Flatten the dough out until it’s about 2.5cm / 1 inch thick and transfer it onto a floured baking tray. Push it right out to the corners so that it completely fills the tray. Pour over the tomatoes and all the olive oil, then sprinkle over the basil which you can tear up a little with your fingers as well as the chopped rosemary. Push your fingers through the dough, almost to the bottom of the tray, making indentations across the whole thing. The purpose of doing this is so that you get nice little pools of olive oil which the bread will soak up during cooking and, therefore, make it taste incredible. It also gives the focaccia it’s trademark dimpled good looks!

Tomato and Herb Focaccia

Tomato and Herb Focaccia

Leave to prove again for about half an hour or until it has doubled in size, then sprinkle it with the flaky maldon sea salt and black pepper.

Carefully place it into an oven preheated to 220°C/430°F for about 20-25 minutes, until the bread is crisp and golden on top and soft in the middle. Drizzle with a little more extra virgin olive oil once you take it out of the oven.

Tomato and Herb Focaccia

Focaccia is an indispensable bread to have in your repertoire because it lends itself so well to a myriad of different toppings. Use anything from olives, to anchovies, red onions, to garlic or deliciously sweet roasted peppers. Make whatever takes your fancy!

This recipe can be made vegan by simply using sugar instead of honey.

Nigel Slater made some good suggestions about what to pair with leftover focaccia in an article he wrote for The Observer:

“The next day, most hearth breads are still edible, but even the proudest home baker will concede they have lost their initial temptation. This is the point at which I split them through the middle, toast them lightly, and stuff them with whatever is appropriate or to hand. Cheeses, the more squidgy and milky the better; little hillocks of salad leaves; sun-dried tomatoes (for once in the right place); sexy spreads of crushed olives and anchovy; casual folds of parchment-fine ham; fat-bespeckled salami. A good lunch yesterday was a piece of taleggio and some mashed olives trapped between two slices of the day before’s bread, grilled not until the cheese was golden, but just until it starts to slide.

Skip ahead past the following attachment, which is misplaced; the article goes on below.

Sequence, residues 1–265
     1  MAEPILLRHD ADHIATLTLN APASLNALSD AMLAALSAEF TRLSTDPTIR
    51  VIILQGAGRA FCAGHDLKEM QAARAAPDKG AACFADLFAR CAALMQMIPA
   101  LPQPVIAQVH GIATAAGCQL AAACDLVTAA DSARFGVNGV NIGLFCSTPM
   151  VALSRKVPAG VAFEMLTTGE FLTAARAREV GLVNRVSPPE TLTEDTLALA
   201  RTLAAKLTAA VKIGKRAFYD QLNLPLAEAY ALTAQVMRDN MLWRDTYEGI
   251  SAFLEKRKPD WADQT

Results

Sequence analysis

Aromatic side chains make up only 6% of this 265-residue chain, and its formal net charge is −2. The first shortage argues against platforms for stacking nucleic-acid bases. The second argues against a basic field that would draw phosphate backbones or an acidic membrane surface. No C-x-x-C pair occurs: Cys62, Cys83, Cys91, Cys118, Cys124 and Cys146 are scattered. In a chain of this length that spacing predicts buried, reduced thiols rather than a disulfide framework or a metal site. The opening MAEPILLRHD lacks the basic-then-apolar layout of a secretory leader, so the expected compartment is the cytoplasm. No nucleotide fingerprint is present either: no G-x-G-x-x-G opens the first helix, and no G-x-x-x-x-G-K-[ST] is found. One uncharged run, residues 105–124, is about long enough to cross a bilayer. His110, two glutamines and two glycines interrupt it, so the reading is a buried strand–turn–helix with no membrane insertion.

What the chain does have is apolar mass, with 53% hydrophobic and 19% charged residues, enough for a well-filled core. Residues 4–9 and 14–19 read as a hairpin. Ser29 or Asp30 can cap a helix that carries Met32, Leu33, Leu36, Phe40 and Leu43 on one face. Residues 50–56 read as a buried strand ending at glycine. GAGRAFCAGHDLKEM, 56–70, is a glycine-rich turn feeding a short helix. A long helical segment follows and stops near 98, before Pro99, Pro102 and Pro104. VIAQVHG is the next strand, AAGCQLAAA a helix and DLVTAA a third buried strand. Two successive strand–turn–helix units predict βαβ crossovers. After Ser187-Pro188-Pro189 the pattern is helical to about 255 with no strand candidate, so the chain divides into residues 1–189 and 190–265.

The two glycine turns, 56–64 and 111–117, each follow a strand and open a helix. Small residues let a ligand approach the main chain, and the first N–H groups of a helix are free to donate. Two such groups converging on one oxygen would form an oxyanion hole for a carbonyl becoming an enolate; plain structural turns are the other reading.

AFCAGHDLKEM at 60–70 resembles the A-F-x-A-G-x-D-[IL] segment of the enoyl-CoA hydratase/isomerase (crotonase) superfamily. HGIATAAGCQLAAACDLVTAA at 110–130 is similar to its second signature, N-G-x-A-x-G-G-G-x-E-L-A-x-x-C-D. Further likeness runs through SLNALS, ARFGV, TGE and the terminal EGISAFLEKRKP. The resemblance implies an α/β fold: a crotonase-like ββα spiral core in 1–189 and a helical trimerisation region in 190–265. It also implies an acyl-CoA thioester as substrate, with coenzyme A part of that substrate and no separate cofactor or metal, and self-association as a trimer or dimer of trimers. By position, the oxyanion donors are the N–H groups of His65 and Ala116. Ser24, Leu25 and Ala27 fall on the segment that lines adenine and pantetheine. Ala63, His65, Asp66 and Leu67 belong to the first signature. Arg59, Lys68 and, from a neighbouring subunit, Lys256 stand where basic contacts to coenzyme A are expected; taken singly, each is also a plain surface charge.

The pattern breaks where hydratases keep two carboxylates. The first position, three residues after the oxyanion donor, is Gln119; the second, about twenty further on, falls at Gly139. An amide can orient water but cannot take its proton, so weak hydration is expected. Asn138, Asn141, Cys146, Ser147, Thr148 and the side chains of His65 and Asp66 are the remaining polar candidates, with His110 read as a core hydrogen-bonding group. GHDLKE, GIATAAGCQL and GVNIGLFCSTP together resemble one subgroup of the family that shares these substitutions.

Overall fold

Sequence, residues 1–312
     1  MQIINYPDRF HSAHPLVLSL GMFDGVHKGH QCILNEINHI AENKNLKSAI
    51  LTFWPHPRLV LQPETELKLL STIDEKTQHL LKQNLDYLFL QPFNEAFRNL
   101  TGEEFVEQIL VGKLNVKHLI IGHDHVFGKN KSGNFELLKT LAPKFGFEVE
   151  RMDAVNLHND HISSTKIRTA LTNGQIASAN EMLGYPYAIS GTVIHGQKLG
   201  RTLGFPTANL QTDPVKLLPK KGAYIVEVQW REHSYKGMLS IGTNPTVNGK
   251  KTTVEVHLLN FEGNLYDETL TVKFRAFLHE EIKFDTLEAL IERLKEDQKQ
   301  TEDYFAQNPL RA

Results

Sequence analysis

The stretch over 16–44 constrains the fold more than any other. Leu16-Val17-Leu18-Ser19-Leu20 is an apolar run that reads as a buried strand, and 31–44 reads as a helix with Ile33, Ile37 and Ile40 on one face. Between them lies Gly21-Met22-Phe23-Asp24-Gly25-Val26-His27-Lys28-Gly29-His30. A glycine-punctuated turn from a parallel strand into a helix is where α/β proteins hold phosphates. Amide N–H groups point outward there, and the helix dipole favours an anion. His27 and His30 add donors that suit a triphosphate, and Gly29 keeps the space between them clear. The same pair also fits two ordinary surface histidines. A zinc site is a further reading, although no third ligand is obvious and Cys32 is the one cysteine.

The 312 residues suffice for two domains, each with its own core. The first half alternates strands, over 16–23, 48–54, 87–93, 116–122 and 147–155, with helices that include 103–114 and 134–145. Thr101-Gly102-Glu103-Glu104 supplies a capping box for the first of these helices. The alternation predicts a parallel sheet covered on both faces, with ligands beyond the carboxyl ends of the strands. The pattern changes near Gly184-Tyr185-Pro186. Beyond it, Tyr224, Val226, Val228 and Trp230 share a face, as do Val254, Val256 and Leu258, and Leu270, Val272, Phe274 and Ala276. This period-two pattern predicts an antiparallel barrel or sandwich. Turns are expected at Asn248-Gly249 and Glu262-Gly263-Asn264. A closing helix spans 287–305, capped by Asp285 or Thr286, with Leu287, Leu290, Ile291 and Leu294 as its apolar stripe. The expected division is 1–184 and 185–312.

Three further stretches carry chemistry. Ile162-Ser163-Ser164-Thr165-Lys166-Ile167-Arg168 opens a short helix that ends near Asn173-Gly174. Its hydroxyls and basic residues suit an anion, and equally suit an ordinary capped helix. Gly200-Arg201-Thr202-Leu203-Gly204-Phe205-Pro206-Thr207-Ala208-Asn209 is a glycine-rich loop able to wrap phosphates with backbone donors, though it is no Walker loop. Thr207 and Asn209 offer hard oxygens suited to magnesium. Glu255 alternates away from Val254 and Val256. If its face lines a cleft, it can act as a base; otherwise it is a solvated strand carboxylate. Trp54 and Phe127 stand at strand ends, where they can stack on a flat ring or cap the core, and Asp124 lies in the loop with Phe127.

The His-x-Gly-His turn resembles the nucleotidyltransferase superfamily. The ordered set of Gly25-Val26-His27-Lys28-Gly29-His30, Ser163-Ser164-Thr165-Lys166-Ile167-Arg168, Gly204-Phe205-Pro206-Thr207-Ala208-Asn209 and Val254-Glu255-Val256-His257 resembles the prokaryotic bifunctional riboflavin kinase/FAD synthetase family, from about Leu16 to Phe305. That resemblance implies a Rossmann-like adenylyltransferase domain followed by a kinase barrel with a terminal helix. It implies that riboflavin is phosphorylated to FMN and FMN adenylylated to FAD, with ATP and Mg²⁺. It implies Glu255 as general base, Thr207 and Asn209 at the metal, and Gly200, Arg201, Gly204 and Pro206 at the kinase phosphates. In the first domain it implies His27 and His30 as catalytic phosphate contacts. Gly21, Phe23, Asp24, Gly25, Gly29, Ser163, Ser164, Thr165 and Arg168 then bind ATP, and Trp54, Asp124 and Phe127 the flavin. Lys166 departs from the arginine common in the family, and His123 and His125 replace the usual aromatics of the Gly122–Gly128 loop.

The bread’s last incarnation came this morning, torn into rough nuggets and dumped at the bottom of a couple of deep soup bowls. I covered it with a ladle or two of steaming chicken stock, a handful of shredded, blanched spring greens (so bright, so full of life) and a further trickle of olive oil. My bread was used down to the last juicy, salty crumb.”

Yes I know, there’s just so many options!

But if push comes to shove, I’ve got two words for you… sexy spreads.

There’s a hole in this cake

For anyone who’s familiar with the film ‘My Big Fat Greek Wedding’, I’m sure you’ll remember the scene when Toula’s love interest Ian brings his parents to meet the Portokalos family and Harriet Miller presents them with a bundt cake? Yes, you know the one! Maria Portokalos cannot, for the life of her, say the word ‘bundt’. “Bon? Bonk? BonnnT?” Oh, “It’s a cake!” Then, whilst walking back towards the house, she makes a disapproving comment about how this cake had a hole in it.

But, Alas! That is how it’s supposed to be! A bundt is in fact a cake with a hole in it, and that is why I love them. Why? Well, if your tins are anything like mine, they won’t have a gaping hole in the middle, but one that is sealed at the bottom. This serves the genius purpose of acting as a collecting vessel for excess glaze, thus more lemony bang for your buck! Perfect.